# Which force do I use for work done by an engine

I'm busy writing a train simulator. I need to calculate the fuel consumption of the locomotive. I know that Work = Force x distance. From that, I can easily use energy density and work out how many kg of fuel was used.

I have a total resistance force (Fres) for the train (gradient, aerodynamic resistance, rolling resistance).

I also have the force produced by the locomotive (Floc).

I can easily calculate the train's acceleration by knowing Facc, where Facc = Floc - Fres.

The question is this: in order to calculate the fuel used by the locomotive, do I use Facc or Floc?

I feel that the locomotive needs to use energy (its fuel) to overcome resistance. But Wikipedia (https://en.wikipedia.org/wiki/Work_(physics)) says that work is only done by the resultant force. This would mean that at terminal speed, the locomotive would consume no fuel, the forces are balanced, and there is no change in EK (Kinetic energy). Clearly, this sounds wrong.

Please advise.

## 2 Answers

The force applied by the locomotive and thus the energy output is given by $$F_\text{loc}$$. It doesn't really matter where the energy is going, as long as the force of the locomotive applied over some distance is known, that is how much energy is has put out.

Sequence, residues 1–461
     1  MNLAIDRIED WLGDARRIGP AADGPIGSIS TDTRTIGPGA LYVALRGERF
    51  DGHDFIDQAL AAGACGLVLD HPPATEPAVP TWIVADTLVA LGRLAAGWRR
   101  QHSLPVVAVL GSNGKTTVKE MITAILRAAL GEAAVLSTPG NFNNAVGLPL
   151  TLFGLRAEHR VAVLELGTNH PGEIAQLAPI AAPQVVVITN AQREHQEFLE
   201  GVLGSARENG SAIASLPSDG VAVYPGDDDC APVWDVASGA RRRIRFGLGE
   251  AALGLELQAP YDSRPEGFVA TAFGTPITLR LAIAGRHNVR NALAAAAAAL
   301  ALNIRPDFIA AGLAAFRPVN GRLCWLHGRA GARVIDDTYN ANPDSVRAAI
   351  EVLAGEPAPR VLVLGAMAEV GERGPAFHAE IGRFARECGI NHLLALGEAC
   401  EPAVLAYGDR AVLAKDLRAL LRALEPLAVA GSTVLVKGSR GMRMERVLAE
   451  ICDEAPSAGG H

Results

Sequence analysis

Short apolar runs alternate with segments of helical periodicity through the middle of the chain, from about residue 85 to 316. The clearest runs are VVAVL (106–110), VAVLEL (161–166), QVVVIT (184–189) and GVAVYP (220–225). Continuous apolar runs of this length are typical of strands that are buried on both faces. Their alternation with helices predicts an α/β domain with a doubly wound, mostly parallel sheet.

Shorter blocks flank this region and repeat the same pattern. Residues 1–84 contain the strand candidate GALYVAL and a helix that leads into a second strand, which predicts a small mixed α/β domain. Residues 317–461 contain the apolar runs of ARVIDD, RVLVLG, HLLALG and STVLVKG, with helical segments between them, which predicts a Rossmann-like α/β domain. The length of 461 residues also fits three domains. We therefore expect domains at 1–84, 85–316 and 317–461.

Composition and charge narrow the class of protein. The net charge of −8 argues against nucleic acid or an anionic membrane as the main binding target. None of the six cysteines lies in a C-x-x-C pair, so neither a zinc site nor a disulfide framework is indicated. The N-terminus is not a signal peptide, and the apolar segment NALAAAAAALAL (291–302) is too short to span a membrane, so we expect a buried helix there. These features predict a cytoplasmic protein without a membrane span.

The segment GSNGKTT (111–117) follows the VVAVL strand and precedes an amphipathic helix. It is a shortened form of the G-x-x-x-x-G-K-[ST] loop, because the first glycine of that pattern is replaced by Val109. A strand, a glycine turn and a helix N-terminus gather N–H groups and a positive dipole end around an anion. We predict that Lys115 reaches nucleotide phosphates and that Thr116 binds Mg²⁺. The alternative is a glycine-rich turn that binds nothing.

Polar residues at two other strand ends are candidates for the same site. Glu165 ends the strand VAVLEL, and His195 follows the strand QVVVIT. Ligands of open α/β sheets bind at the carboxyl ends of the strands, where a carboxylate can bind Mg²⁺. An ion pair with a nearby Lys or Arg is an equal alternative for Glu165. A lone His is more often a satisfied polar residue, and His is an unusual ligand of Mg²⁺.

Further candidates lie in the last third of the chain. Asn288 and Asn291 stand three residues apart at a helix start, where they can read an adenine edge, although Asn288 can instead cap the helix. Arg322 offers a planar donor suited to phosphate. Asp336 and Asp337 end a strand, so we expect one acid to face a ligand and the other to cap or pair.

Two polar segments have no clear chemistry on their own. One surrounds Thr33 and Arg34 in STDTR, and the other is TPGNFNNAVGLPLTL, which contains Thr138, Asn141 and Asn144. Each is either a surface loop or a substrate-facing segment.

When accelerating, some of the energy output goes to heat loss in the form of friction, and some goes to the buildup of kinetic and potential energy. At terminal velocity, all the energy goes to heat loss. And when breaking, the locomotive outputs no force, so fuel consumption is zero (ignoring idling of the engine), and the kinetic energy built up during acceleration also goes to heat in the breaks.

Also, don't forget to account for the efficiency of the engine. Not all energy stored in the source material is converted to mechanical energy.

$$F_{loc}$$. You were inattentive reading that paragraph from Wikipedia. It correctly states that work is done on the body by the resultant force on that body. In your case, if the locomotive is not accelerating, the force exerted by its engine does no work on the locomotive. This does not preclude it from doing work on air or on the rails, sleepers etc. part of which is eventually converted into heat.

Mechanics is a tricky subject, and one needs careful statements for one's deductions to be valid.